Second, also as we have said for years, such actions mark the problem, but are unlikely to deter future problems. In fact, many large health care organizations have settled strings of cases since we started trying to keep track of them (and may not have done so completely). For example, the Genzyme, hence Sanofi settlement this year is at least the fourth major settlement by this company since 2007.
Settlements resulting in fines imposed on a company as a whole are diffused, paid by stockholders, employees, and patients, and hence are likely to be regarded as a cost of doing business by top management. Managers, however, often are given huge financial incentives for all actions that increase short term revenue. So managers are likely to continue to enable or direct bad behavior as long as it can bring in lots of revenue at no personal risk.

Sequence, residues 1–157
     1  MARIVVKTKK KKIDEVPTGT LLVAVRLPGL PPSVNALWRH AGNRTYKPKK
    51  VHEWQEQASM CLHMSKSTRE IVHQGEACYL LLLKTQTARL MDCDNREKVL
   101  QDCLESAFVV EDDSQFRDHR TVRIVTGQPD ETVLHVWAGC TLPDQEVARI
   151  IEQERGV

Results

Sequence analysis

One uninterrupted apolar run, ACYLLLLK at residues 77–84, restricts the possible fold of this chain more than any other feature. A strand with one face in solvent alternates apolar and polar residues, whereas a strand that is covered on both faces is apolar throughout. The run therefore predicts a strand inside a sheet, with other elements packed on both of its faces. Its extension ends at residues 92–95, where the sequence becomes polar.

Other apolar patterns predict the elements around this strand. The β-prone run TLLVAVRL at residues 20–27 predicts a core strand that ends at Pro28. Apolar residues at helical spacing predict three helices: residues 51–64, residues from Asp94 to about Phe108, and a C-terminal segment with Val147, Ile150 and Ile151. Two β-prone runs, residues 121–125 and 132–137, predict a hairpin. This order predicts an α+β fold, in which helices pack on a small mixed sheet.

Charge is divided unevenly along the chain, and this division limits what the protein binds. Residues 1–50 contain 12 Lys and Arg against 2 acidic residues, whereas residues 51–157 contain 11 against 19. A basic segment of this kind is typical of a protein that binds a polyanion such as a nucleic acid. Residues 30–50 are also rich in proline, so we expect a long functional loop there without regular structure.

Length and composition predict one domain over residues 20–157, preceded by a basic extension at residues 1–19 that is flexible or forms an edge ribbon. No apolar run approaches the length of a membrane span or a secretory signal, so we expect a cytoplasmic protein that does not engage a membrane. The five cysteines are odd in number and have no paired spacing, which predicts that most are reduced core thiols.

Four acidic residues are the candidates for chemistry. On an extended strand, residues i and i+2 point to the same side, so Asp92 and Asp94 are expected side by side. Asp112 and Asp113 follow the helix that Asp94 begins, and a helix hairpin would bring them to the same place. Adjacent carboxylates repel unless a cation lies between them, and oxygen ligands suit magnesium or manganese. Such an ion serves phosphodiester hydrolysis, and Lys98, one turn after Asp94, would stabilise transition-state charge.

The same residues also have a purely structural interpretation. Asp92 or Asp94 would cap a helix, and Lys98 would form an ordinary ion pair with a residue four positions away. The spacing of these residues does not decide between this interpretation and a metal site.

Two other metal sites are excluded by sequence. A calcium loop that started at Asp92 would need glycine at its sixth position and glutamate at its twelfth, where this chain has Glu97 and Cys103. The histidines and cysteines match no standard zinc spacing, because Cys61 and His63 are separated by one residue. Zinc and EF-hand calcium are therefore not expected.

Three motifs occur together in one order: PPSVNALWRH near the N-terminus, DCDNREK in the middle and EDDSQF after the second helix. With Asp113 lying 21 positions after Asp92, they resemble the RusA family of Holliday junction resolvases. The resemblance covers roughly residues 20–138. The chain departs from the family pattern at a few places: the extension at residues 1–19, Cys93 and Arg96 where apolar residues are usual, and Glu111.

Third, while there has been a modest increase in discussion of ill-informed, mission-hostile, self-interested, conflicted, or even criminal or corrupt management since we started Health Care Renewal, the increasing plight of journalism seems to be making these issues more anechoic. The shutdown of PharmaLot and the silencing of its archives is another reminder of how public relations and marketing are now overwhelming disinterested reporting (see this report by Pro Publica).
If we really want to reverse the downward spiral of our ever more expensive, less accessible, and lower quality health care system, we first have to preserve our ability to identify and loudly discuss its problems.
Roy M. Poses MD for Health Care Renewal